What are the benefits of using CBT in a coaching setting?
Cognitive Behavioural Therapy (CBT) techniques have been vigorously researched and have a pedigree of demonstrable efficacy in the therapy setting. CBT has become the preferred therapy of the National Institute for Health and Care Institute (NICE) for a number emotional health issues because it is a fast impacting, solution focused, structured approach that involves client education and encourages client independence.
In this way the CBT relationship is between equals, problem solving in partnership with the clients best interests at heart, supporting them in new successes. This is consistent with core coaching goals.
CBT is further congruent with coaching in that it moves beyond the past to assess and make sense of what is happening now, then seeking to inspire change into the future.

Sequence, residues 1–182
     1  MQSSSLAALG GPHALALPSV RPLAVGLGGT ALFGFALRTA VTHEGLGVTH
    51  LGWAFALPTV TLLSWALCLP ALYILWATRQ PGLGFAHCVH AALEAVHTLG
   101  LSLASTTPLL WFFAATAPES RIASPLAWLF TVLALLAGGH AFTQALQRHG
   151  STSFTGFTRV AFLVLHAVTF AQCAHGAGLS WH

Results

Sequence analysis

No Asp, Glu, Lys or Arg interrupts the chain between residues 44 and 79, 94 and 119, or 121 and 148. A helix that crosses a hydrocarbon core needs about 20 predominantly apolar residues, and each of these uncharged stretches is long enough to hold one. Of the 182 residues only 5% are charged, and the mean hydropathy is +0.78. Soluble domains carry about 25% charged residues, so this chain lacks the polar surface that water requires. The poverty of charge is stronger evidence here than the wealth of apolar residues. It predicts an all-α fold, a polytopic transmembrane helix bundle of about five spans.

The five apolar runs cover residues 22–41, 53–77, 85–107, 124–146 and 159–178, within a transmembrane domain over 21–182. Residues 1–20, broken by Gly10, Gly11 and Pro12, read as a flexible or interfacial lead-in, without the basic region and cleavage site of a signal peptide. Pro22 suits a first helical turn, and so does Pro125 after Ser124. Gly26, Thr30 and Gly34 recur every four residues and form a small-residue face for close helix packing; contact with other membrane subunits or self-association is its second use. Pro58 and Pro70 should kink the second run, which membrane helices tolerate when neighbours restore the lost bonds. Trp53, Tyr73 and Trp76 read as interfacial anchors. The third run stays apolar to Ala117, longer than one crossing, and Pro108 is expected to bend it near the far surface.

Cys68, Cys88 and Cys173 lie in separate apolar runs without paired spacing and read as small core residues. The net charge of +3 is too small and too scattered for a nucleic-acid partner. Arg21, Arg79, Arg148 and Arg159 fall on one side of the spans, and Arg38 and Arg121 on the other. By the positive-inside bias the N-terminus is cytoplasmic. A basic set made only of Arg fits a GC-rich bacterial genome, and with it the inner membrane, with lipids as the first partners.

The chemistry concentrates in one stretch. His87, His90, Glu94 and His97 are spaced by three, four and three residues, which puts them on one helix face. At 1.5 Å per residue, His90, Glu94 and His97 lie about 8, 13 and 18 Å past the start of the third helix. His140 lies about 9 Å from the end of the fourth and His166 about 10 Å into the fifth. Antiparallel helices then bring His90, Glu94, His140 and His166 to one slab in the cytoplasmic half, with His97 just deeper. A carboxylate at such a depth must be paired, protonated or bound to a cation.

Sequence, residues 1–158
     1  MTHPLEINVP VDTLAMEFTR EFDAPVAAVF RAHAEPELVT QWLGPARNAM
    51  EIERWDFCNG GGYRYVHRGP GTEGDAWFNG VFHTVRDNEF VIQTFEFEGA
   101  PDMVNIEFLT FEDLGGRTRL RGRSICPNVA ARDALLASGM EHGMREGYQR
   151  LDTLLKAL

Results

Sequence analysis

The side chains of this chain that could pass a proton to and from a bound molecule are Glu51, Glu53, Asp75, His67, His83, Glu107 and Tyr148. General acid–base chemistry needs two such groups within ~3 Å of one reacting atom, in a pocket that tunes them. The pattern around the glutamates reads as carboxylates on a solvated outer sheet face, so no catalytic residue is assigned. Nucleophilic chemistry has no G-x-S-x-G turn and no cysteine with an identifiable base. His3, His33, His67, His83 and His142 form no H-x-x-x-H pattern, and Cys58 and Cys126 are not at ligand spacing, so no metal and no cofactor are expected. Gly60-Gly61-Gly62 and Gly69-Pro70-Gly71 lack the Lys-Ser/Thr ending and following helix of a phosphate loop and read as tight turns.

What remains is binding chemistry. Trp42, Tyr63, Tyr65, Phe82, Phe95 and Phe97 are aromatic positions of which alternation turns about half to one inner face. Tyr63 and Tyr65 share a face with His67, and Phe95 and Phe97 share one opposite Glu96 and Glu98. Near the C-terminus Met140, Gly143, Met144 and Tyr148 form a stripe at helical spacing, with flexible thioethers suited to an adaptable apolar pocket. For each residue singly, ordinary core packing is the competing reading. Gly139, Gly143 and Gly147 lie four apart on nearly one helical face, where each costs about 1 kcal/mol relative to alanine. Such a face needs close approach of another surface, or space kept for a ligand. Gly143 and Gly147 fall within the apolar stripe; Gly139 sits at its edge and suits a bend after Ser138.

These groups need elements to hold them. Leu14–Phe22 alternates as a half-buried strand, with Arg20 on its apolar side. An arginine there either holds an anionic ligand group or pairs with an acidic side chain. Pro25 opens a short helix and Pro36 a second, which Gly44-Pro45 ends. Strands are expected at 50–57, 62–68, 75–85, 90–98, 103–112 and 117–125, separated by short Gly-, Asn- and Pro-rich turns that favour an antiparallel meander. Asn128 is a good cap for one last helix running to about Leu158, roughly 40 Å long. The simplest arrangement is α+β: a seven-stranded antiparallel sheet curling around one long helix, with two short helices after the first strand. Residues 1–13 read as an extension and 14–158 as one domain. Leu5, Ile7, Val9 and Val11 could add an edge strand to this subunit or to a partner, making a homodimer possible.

CBT is also realistic, encouraging the client to have early successes, achieve what is possible, build on those successes and develop new skills, beliefs and ways of thinking that are more constructive.
The benefits of CBT to its therapy connections are that Cognitive Behavioural Coaching (CBC) has both a psychological basis and practical application. Coaching clients tend to “get it” and are encouraged to set and test their own hypothesis to their own solutions. This fosters independence.
CBC is successful because it combines the behaviour (“doing”) and cognition (“thinking”) of the client (and as has been demonstrated by Grant 2001) to deliver longer lasting benefits than by Behavioural Coaching or Cognitive Coaching alone. In turn this because it instils and builds effective and useful new habits (or positive ways).
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